The small chapel where the brothers led us in Taize prayer services was dominated by a large wooden cross, and we were invited to meditate on the cross.

I remember sitting in front of the cross on Saturday afternoon and imagining the scene on the day Jesus died. I imagined Jesus’ mother and Mary Magdalen (my patron saint) at the foot of the cross, overcome with sorrow, crying out in anguish. In my imagination, I joined them at the foot of the cross and looked up at the dying Jesus. I gasped at the sight of Jesus in agony.

As I sat with Mary and Mary Magdalen, I joined in their questioning the scene before them. Poor Mary, recalling the prophesy of Simeon that her heart would be pierced. How right he had been!

Poor Mary Magdalen, losing the only man she truly loved, the man who had given her hope and loved her into wholeness.

How could this be? Where was God in all this? How could God abandon Jesus and us?

Even though Jesus had suggested bad things would happen in Jerusalem, we had no idea he meant this bad. I wondered how I had missed the signs, how I had misinterpreted what Jesus had been saying. How blind I had been, how comfortable in my denial.

As we watched Jesus dying and heard him cry out to God in his abandonment, my heart broke, and I wept along with Mary and Mary Magdalen.

Tears streamed down my face as I thought of the losses in my own life, of times when things did not go as I had hoped, of unmet expectations and crushed dreams. I joined Jesus, Mary and Mary Magdalen in the depths of despair. I questioned God’s love and care for me.

And then, one of the Taize brothers approached me and gently invited me to lay my burdens at the foot of the cross. “Lay them down,” he said, “and walk away.” He told me to trust that Jesus would take up whatever was weighing me down.

What? Just let go of the hurts I had been carrying around for so long? Let go of those losses that had shaped me? Those painful events that I had survived and carried as a badge of honor?

The brother sensed my hesitancy, my resistance, and reminded me of the resurrection. God did come through. God is faithful.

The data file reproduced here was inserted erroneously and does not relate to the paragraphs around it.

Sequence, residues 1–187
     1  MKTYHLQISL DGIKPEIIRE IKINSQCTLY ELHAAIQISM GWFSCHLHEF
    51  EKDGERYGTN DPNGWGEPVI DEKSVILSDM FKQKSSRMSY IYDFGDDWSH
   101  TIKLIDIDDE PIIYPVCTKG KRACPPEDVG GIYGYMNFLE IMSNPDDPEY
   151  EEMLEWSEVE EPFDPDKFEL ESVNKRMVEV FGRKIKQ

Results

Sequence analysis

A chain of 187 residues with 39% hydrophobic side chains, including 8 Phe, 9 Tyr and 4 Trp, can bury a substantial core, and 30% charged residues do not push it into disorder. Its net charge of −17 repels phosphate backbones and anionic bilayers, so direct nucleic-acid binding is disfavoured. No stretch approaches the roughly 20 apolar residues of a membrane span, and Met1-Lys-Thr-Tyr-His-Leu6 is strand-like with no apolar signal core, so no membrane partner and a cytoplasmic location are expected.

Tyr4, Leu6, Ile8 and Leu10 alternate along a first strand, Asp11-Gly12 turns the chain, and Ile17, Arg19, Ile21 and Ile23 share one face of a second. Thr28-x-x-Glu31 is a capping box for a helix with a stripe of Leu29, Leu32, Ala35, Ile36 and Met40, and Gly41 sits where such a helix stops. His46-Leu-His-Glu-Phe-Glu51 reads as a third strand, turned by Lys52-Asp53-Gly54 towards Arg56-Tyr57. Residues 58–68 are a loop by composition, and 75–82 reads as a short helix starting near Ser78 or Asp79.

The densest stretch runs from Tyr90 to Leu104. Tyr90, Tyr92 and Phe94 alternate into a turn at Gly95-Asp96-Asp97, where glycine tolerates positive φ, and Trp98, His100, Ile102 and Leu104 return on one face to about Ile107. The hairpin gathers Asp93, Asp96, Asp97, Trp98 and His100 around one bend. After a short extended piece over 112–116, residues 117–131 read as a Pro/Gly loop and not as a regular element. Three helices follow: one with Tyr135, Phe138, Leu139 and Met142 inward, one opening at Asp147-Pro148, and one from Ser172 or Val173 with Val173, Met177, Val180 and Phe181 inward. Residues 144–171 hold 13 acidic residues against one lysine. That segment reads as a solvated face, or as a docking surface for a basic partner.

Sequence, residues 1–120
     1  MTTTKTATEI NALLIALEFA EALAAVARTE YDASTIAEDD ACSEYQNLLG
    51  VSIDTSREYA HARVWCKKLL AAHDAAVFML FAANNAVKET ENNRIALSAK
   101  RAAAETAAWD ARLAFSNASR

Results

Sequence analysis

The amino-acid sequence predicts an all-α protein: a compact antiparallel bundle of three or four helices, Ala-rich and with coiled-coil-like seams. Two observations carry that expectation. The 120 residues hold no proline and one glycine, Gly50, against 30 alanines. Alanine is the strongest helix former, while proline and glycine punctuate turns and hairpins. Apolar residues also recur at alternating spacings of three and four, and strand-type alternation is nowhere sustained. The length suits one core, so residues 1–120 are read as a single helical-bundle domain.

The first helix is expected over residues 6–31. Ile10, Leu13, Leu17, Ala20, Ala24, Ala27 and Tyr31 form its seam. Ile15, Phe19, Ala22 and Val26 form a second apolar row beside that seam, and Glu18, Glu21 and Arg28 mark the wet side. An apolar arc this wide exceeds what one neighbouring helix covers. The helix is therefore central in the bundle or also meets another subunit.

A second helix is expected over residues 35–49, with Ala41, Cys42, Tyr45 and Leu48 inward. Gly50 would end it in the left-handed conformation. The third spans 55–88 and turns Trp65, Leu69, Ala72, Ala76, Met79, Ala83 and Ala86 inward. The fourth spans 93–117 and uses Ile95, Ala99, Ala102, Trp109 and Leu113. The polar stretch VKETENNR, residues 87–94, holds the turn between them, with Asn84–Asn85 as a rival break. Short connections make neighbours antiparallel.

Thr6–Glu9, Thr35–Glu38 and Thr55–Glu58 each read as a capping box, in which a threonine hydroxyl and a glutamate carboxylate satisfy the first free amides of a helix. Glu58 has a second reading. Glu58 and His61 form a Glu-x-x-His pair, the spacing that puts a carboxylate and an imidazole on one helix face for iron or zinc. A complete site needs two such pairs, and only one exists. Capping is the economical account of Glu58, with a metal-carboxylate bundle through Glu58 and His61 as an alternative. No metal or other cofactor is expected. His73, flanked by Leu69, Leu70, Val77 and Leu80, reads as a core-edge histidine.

By the time we left that retreat house on Sunday afternoon, I felt ready to enter Holy Week, believing that God’s love would transform my sorrow into resurrection joy.

Originally published in Manresa Matters, Spring 2022.

On a journey

I signed up for Ignite the Fire, a five-week, virtual program presented by a Martina and Pat Sheehan who live in Cork, Ireland, and who facilitate retreats and offer spiritual direction. Two years ago in May, I was supposed to go on retreat in Wales with Martina, but Covid happened, and my retreat did not—at least not in person. Martina and Pat have offered several on-line retreats since then, and I have appreciated their offerings.

In the first session, we heard about two Irish saints whose feast days had just been celebrated—St. Brigid (February 1) and St. Gobnait (February 11). (I imagine St. Gobnait may be a new name for some of you; I only learned of her a few years ago.) Both Brigid and Gobnait were seekers, which was a theme for the first session.

We were invited to ponder the quote “anything is possible” (Luke 1:37), and Martina talked about being a pilgrim, embarking on a journey and seeking places of resurrection.

Most any talk of a journey resonates with me (which is why my blog is called On a journey).

Since leaving my job last summer, I feel like I am back in pilgrim mode, seeking and trying to be open to what comes my way.

After seven years in the same job, I am exploring options for using my experience, skills and talent in some way other than a job at one organization. I am exploring various avenues (e.g., non-profit consulting, spiritual direction, officiating at weddings and funerals) and trying to keep an open mind when opportunities are presented (e.g., the man who called me the other day and asked if I would be interested in being a project manager at his company, which is something I have never done before).